New cause identified for incurable muscle condition
DALLAS – May 20, 2003 – Researchers from UT Southwestern Medical Center at Dallas and the Mayo Clinic have discovered a novel genetic mutation that leads to a debilitating muscle condition known as myasthenia.
Myasthenia, a severe form of muscle weakness, usually results from an autoimmune attack against the nerve-muscle junction in which the nerve’s communication to the muscle is broken down. In a study appearing this week in the online early edition of Proceedings of the National Academy of Sciences, researchers unveil a new cause discovered in a single patient: a genetic mutation leading to a shutdown in muscle responsiveness to the nerve’s electrical impulses.
“This was a surprise in that it’s a totally different mechanism for a well-researched disease,” said Dr. Stephen Cannon, chairman of neurology at UT Southwestern, who studied the consequences of the genetic mutation. “Until this study, every single case of myasthenia ever examined had been attributed to a reduction in what’s called the safety factor of neurotransmission – or how reliably the nerve talks to the muscle.”
The discovery may open new avenues of investigation into the disease and, possibly, new therapeutic approaches, said Dr. Cannon.
The patient in whom the genetic mutation was discovered is a 20-year-old woman diagnosed with congenital myasthenic syndrome – a subset of illness under the disease known as myasthenia gravis. Myasthenia gravis, which literally means grave muscle weakness, affects about 37,000 Americans. People who have this disease often cannot walk long distances or hold up their arms, and some have difficulty breathing. Muscles that control eye and eyelid movements, facial expression, chewing, talking and swallowing are often, but not always, involved.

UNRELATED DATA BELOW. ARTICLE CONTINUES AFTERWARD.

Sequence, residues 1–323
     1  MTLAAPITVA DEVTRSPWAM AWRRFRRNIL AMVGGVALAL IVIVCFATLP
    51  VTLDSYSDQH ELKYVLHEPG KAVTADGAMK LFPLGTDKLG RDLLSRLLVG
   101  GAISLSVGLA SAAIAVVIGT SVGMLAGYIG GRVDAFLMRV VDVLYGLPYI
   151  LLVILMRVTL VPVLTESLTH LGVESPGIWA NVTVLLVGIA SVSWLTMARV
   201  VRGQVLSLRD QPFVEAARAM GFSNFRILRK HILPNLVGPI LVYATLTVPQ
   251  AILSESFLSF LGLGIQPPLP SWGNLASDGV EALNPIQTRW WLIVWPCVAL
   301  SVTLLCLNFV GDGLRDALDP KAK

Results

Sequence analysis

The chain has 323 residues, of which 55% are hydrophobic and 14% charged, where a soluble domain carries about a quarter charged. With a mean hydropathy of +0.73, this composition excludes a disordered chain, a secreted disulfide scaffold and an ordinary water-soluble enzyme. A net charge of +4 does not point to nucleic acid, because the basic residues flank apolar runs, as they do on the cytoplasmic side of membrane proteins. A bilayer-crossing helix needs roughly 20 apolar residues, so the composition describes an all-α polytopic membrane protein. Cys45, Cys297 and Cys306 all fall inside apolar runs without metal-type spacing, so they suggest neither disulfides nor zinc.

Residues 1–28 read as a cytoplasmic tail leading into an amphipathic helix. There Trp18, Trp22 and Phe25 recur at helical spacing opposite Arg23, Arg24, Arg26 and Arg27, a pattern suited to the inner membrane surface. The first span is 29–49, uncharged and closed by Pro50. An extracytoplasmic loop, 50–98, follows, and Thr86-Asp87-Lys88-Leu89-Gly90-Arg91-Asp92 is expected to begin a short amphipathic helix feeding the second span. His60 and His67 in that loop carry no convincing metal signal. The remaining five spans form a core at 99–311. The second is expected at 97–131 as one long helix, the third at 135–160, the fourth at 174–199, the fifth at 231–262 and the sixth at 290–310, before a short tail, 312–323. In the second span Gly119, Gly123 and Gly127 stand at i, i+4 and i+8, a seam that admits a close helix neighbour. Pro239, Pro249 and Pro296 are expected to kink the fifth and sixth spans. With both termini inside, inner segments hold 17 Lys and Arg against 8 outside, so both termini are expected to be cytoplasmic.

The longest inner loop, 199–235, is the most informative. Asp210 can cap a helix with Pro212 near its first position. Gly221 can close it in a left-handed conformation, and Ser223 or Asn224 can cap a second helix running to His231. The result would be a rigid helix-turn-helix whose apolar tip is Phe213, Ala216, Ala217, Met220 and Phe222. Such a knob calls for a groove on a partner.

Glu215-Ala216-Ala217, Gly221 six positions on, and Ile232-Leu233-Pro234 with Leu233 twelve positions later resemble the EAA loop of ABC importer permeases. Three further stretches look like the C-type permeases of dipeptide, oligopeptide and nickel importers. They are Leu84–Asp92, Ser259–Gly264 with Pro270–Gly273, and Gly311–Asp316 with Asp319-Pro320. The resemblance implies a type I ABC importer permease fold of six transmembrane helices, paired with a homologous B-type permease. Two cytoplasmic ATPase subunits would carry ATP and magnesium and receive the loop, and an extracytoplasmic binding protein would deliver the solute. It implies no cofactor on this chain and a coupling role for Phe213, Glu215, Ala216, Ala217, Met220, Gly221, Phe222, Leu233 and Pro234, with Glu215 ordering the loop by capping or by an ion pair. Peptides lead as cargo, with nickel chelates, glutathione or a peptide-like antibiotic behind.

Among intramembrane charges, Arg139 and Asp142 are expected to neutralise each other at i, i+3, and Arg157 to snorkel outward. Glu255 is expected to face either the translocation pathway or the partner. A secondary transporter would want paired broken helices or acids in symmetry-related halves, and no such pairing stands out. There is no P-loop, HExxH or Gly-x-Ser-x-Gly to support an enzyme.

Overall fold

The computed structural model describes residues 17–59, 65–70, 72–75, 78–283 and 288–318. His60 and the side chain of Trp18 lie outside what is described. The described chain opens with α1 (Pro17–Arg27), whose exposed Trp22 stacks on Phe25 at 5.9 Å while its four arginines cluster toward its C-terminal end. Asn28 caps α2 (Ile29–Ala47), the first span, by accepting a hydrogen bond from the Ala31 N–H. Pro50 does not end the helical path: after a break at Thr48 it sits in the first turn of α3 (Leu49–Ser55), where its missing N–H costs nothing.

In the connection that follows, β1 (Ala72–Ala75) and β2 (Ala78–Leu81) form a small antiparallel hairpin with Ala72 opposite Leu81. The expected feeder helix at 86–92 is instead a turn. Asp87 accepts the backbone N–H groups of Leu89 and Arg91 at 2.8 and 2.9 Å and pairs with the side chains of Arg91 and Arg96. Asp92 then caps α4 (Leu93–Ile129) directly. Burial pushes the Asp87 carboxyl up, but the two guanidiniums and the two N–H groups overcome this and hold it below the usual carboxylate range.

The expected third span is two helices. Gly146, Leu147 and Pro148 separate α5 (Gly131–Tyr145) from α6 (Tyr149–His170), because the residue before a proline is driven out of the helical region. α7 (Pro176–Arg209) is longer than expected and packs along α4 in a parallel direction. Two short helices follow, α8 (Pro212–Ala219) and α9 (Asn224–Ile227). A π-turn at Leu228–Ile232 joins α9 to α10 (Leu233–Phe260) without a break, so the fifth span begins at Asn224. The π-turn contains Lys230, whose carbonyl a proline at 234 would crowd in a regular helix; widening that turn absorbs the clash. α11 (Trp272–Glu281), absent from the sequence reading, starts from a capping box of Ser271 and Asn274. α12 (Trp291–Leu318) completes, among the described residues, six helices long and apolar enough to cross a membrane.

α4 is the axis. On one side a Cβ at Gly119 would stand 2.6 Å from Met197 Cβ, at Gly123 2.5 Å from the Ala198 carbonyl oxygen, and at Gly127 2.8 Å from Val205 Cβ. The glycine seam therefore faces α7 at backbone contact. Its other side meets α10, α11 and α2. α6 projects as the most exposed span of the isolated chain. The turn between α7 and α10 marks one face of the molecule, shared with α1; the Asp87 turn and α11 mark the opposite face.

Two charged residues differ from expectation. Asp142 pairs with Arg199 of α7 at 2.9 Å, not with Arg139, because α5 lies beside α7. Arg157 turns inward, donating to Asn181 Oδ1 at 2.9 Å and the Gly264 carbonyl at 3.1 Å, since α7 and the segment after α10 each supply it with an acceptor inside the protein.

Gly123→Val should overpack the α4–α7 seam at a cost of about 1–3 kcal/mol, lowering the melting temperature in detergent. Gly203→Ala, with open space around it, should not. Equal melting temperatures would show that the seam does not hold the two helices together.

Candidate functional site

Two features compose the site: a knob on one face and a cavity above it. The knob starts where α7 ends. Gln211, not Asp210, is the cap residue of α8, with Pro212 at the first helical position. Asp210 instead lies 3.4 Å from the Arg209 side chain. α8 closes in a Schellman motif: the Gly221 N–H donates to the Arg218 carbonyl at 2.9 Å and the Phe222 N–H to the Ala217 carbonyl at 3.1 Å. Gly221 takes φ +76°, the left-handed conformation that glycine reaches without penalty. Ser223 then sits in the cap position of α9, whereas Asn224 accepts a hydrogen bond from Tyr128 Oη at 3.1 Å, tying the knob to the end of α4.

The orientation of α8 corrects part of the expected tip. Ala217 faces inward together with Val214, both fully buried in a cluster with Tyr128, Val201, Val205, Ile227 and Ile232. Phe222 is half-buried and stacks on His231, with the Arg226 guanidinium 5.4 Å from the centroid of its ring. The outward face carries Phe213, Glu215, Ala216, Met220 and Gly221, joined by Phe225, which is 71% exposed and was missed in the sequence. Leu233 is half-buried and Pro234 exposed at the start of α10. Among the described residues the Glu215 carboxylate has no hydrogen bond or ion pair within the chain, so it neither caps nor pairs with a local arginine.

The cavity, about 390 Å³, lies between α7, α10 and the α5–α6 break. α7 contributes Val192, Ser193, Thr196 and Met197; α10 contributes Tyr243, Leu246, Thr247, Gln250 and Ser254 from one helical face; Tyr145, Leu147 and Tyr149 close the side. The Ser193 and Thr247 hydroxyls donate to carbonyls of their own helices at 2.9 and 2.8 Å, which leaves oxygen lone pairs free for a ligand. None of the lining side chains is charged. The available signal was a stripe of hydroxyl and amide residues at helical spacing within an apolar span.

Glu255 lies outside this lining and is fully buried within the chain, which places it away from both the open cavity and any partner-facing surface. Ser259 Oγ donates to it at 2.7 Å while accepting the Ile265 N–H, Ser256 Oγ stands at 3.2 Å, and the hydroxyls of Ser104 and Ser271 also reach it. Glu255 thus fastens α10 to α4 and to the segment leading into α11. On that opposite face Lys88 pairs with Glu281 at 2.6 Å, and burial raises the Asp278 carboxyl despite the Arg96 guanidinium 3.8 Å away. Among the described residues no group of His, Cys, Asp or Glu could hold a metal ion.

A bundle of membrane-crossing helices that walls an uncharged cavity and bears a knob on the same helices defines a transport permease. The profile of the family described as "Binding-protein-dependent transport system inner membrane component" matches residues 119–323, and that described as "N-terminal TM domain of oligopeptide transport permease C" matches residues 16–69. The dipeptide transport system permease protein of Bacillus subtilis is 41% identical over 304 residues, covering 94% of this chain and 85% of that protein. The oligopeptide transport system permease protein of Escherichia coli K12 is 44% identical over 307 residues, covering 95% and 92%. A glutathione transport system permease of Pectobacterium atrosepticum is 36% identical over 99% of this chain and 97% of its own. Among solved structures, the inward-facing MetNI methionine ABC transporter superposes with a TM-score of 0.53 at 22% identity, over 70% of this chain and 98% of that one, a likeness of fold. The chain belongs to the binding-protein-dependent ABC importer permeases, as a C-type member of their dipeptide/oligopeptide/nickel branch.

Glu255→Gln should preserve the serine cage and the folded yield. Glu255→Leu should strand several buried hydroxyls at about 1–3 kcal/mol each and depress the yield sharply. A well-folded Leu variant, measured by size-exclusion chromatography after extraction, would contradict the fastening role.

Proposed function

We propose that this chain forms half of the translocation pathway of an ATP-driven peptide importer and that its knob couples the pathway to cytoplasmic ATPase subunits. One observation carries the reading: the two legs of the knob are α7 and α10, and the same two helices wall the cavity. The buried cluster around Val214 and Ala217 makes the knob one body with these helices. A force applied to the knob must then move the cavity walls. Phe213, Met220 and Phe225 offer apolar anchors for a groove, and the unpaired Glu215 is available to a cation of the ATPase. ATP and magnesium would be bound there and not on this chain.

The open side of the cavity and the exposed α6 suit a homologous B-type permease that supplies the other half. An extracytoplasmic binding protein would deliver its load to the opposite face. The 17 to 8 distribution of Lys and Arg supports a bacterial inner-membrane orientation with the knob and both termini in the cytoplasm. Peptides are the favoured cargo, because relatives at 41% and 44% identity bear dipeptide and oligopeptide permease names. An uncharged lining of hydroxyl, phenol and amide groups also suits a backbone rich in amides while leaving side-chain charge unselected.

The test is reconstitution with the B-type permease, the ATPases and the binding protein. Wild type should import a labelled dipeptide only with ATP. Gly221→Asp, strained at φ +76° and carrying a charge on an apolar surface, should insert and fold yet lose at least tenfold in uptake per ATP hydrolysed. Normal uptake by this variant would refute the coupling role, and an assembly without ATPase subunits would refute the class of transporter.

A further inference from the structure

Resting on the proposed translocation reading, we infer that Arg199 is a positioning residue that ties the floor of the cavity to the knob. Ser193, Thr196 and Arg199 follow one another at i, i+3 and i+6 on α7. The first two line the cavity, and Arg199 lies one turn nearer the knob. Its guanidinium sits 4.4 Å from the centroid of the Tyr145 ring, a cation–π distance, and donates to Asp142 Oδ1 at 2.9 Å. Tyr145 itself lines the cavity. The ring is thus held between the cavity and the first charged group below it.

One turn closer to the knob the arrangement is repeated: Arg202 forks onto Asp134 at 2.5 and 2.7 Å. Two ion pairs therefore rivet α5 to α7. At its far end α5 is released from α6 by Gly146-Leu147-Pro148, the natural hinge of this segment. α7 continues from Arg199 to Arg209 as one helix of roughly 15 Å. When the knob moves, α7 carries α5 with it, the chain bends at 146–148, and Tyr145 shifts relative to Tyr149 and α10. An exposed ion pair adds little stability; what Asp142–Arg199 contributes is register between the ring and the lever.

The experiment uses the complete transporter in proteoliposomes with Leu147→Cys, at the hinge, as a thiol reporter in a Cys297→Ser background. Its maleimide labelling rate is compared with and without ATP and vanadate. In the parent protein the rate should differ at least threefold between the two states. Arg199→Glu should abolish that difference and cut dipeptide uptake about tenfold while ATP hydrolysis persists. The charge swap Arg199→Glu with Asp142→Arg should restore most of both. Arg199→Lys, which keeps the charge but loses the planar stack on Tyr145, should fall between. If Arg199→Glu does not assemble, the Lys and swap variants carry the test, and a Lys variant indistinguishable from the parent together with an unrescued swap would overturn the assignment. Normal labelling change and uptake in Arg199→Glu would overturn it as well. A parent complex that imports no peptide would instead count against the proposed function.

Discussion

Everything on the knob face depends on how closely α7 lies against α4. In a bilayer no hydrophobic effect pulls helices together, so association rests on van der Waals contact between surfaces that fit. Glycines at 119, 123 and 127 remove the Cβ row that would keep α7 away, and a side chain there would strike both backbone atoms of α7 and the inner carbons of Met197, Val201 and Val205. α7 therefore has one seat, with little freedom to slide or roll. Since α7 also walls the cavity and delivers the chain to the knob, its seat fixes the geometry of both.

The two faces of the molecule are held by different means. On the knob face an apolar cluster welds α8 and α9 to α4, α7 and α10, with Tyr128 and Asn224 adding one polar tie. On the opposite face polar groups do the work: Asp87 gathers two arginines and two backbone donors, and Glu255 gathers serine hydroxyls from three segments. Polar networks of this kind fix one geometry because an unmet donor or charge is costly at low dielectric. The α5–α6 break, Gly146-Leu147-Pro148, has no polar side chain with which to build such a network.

Myasthenia gravis occurs in all ethnic groups and both genders. It most commonly affects young adult women between the ages of 20 and 40 and older men in their 50s and 60s, but it can occur at any age. The late Sir Lawrence Olivier suffered from the illness, which has no cure, but is manageable with treatment.
In people with normal nerve-muscle interaction, every nerve impulse elicits a muscle response. The initial response is a localized electrical current, which in turn triggers sodium channels within the muscle to generate electrical impulses that travel the entire length of the muscle.
All previously known cases of myasthenia resulted from a reduction in the safety factor of nerve-muscle interaction, most often due to a person’s own autoimmune antibodies attacking the acetylcholine receptor. In some cases, the reduction resulted from mutations in the receptor itself or the cellular components that make or degrade the acetylcholine neurotransmitter.
Dr. Andrew Engel, director of the Neuromuscular Research Laboratory at the Mayo Clinic and senior author of the study, discovered that the myasthenic patient in this study exhibited normal function at the neuromuscular junction, but once the signal traveled to the muscle, it failed to excite, or spread over, the length of the muscle. Genetic analysis revealed a new mutation in the muscle's sodium channel. Dr. Cannon’s team identified a defect in the gates that open and close the channel, allowing it to conduct the current. In the case of this patient, the gate to the sodium channel was inactivated, or stuck in a closed position.
Akira Tsujino of the Mayo Clinic and Chantal Maertens of Harvard Medical School were first authors on the paper.
The study was funded by the National Institutes of Health and the Muscular Dystrophy Association.
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